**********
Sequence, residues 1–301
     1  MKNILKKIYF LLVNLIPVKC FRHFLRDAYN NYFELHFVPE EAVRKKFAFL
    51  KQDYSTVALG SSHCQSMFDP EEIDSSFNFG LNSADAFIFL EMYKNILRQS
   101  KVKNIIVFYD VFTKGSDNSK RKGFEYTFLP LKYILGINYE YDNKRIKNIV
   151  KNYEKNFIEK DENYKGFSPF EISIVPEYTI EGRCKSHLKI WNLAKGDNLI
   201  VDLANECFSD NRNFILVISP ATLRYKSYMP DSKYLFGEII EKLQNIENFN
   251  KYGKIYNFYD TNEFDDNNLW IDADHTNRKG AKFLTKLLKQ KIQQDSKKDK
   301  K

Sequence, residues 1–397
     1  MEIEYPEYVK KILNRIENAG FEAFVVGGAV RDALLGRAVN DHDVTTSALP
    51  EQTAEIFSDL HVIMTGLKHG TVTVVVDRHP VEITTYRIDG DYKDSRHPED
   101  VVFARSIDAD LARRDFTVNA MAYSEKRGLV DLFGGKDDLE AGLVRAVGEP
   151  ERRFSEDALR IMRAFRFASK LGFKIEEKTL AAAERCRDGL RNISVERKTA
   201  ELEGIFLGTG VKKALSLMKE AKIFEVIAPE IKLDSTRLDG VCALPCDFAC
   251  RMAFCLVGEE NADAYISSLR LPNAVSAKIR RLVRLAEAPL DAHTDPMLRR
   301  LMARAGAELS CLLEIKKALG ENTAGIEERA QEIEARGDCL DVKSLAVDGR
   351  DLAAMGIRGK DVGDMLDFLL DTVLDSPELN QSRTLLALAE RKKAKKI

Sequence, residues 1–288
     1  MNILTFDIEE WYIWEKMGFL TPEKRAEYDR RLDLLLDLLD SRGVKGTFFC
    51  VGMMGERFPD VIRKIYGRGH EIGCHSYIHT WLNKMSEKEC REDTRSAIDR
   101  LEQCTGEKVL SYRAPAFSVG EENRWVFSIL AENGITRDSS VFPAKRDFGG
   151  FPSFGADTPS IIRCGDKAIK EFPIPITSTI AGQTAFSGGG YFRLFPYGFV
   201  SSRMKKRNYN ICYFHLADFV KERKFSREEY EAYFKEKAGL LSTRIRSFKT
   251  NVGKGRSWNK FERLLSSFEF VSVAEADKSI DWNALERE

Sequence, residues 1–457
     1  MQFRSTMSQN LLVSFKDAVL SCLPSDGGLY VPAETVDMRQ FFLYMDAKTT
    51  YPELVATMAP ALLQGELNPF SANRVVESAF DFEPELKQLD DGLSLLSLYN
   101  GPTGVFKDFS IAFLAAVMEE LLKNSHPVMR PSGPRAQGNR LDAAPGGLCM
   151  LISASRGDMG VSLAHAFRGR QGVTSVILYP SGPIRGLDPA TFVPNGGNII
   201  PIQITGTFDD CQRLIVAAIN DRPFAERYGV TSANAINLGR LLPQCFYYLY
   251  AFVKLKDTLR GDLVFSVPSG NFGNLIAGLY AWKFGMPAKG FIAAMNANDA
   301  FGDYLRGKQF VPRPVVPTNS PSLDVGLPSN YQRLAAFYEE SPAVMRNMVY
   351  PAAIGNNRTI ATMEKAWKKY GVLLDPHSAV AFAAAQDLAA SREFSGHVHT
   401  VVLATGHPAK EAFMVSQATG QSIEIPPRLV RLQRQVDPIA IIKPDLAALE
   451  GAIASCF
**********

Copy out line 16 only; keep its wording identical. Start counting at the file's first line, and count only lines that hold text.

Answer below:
   301  LMARAGAELS CLLEIKKALG ENTAGIEERA QEIEARGDCL DVKSLAVDGR